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Juvenile Court Procedure

The procedure and organization of the juvenile court system is different from the adult system. After committing an offense, juveniles are detained rather than arrested. Next, a petition is drawn up which outlines the jurisdiction authority of the juvenile court over the offense and detained individuals, gives notice for the reason for the court appearance, serves as notice to the minor's family, and also is the official charging document.

In The Courtroom

Once in court, the juvenile case is adjudicated, and a disposition is handed down. Records from juvenile courts are sealed documents, unlike adult records which are accessible by anyone under the Freedom of Information Act. Like diversion, this measure is designed to protect the juvenile so that one mistake does not follow the juvenile for life. Juvenile records may also be expunged upon the juvenile's eighteenth birthday provided the juvenile has met certain conditions, such as good behavior. Juvenile court procedure is also far less formal than adult court procedure.

The court's ability to interfere in both criminal and other matters relating to juveniles is the product of a very old legal concept called parens patriae, a concept that regards the government as the legal protector of citizens unable to protect themselves. Even today, the disposition of a juvenile case is based on the least detrimental alternative, so the legacy of parens patriae is still evident. However, one major controversy in juvenile dispositions is the use of indeterminate sentencing, which allows a judge to set a maximum sentence.

In such cases, juveniles are monitored during their sentences and are released only when the judge is satisfied that they have been rehabilitated or when the maximum time has been served. Critics argue that this arrangement allows the judge too much discretion and is, therefore, not the least detrimental punishment.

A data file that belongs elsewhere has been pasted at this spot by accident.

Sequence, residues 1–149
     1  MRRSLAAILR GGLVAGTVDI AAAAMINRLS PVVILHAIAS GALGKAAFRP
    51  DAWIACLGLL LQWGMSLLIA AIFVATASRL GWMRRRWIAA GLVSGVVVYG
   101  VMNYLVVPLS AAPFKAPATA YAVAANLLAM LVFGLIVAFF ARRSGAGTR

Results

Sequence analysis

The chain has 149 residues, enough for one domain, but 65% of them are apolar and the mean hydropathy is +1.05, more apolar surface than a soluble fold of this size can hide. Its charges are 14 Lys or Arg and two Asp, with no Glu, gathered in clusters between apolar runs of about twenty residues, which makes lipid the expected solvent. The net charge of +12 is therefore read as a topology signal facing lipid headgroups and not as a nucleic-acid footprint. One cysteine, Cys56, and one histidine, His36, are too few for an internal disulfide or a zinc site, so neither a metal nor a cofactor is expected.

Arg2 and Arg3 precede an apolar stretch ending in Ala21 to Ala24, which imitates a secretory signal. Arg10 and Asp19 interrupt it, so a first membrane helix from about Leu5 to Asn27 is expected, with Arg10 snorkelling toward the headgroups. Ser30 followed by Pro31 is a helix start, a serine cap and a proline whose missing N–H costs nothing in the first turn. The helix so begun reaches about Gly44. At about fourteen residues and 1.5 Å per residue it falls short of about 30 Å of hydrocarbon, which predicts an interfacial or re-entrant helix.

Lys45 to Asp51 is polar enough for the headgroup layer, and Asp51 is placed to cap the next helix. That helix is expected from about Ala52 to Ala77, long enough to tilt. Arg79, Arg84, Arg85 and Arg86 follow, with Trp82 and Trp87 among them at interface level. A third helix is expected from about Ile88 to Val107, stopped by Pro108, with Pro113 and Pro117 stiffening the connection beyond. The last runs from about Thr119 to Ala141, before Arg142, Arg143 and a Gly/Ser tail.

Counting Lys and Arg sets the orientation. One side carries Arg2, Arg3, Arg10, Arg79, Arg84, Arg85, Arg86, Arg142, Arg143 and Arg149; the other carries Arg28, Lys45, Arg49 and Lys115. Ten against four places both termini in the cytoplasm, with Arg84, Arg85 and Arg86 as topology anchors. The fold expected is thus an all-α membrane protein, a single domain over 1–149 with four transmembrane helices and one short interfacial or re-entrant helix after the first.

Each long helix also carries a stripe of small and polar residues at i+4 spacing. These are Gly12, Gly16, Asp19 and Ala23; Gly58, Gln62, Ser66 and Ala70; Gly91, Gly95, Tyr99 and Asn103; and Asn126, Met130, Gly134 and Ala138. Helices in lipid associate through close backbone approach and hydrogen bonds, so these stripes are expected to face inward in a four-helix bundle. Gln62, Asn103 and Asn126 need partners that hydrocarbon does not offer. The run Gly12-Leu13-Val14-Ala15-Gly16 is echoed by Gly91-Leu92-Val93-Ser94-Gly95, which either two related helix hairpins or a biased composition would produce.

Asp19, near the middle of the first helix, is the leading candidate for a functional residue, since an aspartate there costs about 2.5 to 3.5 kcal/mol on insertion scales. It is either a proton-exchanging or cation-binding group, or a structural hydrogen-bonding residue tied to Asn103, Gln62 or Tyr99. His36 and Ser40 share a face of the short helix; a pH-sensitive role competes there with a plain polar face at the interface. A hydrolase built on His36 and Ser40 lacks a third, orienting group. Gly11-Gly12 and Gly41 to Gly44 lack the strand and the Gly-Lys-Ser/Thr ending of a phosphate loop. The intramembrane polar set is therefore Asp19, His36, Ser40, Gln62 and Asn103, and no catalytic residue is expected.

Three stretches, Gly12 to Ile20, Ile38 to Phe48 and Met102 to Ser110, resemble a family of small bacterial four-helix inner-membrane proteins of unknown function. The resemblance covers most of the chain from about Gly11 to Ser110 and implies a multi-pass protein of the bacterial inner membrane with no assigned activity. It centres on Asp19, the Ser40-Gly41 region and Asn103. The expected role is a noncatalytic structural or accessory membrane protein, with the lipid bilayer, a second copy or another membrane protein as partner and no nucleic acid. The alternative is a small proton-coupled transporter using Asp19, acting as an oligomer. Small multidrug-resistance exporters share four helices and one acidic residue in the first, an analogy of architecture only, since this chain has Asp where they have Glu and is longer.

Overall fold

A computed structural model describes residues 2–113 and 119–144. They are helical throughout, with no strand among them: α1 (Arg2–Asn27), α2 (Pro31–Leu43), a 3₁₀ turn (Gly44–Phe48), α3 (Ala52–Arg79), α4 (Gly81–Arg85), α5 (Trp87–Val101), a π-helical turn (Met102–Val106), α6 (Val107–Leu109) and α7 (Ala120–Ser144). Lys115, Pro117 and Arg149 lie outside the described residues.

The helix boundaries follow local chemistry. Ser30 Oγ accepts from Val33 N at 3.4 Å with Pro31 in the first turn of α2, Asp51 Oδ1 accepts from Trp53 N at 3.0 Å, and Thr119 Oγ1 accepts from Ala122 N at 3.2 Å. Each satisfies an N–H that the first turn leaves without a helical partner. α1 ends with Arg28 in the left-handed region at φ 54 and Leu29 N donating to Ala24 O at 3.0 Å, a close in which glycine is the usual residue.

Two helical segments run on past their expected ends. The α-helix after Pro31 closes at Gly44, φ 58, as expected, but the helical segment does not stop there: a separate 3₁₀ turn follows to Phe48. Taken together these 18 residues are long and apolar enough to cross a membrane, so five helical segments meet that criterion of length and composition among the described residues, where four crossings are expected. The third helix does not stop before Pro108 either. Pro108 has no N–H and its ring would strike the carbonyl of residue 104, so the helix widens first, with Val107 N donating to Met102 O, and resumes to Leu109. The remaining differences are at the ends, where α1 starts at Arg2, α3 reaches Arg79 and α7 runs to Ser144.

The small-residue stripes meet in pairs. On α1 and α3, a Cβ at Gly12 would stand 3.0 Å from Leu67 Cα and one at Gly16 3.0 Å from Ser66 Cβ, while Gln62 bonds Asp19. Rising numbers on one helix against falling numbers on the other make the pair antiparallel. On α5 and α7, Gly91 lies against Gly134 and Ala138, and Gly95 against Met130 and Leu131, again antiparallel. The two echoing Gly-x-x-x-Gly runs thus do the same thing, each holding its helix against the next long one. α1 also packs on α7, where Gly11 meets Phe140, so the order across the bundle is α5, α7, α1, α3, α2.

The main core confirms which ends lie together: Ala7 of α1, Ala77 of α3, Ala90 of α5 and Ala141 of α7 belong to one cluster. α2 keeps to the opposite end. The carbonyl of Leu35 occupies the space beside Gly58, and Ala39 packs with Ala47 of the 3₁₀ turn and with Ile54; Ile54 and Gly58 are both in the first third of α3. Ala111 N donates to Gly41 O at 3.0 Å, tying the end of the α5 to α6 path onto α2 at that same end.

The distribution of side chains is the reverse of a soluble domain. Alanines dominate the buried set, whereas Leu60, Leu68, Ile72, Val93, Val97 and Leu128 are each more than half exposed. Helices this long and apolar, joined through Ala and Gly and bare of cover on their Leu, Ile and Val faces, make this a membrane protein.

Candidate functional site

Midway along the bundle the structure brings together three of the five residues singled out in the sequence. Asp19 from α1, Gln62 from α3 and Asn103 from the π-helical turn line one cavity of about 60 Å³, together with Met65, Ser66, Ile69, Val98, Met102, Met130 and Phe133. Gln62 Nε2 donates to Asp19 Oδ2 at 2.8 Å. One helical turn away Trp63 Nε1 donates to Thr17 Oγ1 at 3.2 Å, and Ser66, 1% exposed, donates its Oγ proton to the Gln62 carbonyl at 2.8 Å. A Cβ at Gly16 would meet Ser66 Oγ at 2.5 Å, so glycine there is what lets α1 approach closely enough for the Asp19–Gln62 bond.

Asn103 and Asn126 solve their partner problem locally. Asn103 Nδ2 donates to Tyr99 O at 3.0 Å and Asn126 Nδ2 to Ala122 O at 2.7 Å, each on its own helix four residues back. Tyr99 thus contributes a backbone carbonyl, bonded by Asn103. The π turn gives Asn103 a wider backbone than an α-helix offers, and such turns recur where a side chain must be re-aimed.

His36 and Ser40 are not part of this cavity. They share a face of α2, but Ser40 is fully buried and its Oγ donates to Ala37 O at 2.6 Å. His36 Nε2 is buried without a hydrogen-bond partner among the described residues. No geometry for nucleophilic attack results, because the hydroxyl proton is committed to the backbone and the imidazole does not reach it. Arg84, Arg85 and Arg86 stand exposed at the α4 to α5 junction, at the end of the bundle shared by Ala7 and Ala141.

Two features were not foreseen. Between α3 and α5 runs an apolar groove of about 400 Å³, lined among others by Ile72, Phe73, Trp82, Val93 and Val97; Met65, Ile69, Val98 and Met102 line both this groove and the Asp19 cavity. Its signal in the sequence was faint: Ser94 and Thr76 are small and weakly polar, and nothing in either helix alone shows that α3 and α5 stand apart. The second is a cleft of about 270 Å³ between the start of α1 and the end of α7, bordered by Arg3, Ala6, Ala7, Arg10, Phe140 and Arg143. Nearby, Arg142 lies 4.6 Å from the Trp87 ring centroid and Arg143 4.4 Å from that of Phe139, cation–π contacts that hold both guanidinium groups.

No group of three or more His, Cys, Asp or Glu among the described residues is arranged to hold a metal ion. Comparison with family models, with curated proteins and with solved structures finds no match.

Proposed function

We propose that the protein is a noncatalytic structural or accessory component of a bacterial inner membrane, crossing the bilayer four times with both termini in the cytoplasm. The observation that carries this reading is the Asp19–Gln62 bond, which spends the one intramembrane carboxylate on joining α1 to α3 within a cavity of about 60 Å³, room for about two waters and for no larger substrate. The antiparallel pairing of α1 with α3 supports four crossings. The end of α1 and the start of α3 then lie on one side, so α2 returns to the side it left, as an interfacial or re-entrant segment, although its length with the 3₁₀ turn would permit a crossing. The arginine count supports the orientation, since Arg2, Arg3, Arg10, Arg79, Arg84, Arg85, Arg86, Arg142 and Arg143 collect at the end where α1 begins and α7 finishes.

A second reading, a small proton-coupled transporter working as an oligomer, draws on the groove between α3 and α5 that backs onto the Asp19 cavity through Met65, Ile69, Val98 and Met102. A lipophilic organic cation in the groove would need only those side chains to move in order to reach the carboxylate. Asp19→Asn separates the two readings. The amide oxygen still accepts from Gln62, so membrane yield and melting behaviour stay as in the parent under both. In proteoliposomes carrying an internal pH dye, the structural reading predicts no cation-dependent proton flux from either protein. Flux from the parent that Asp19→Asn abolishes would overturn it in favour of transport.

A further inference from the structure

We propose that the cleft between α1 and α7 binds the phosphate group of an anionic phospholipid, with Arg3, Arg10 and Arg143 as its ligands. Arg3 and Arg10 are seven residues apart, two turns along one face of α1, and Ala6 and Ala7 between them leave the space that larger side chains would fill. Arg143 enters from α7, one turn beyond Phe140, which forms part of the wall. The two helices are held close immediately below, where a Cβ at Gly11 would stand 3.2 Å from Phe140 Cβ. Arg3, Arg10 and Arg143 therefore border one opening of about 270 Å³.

Kinds of Juvenile Cases

There are three basic kinds of juvenile cases:

  1. Juvenile Delinquency Cases - These are cases involving minors whose actions, if they were adults, would be considered crimes and would result in a case in criminal court. Juvenile punishment, and the procedures used in juvenile delinquency courtrooms, differs significantly from adult criminal courts. The focus in juvenile proceedings is generally focused on rehabilitation and avoiding long-term negative repurcussions.
  2. Juvenile Dependency Cases - These cases involve minors that have been abused, neglected, or abandoned by their parents or guardians. Cases of this sort focus on protecting the child's safety. They have some similarity to family court cases.
  3. Status Offense Cases - These cases involve status offenses that apply specifically to juveniles. This may include underage drinking or driving, curfew violations, runaways, and truancy from school.

The organization model varies state by state, and some states, for example, Alabama, allow each county and city jurisdiction to decide which is the best method of organization. Where the juvenile court sits has profound implications for the juvenile process.

Get Free Legal Help

Although the juvenile justice system is generally more lenient than the adult criminal justice system a conviction can still have a profound impact on your child's life. A competent local attorney can help guide you and your child through the process, protecting their rights and ensuring they present the most effective defenses. Schedule a free case review with a local attorney today.

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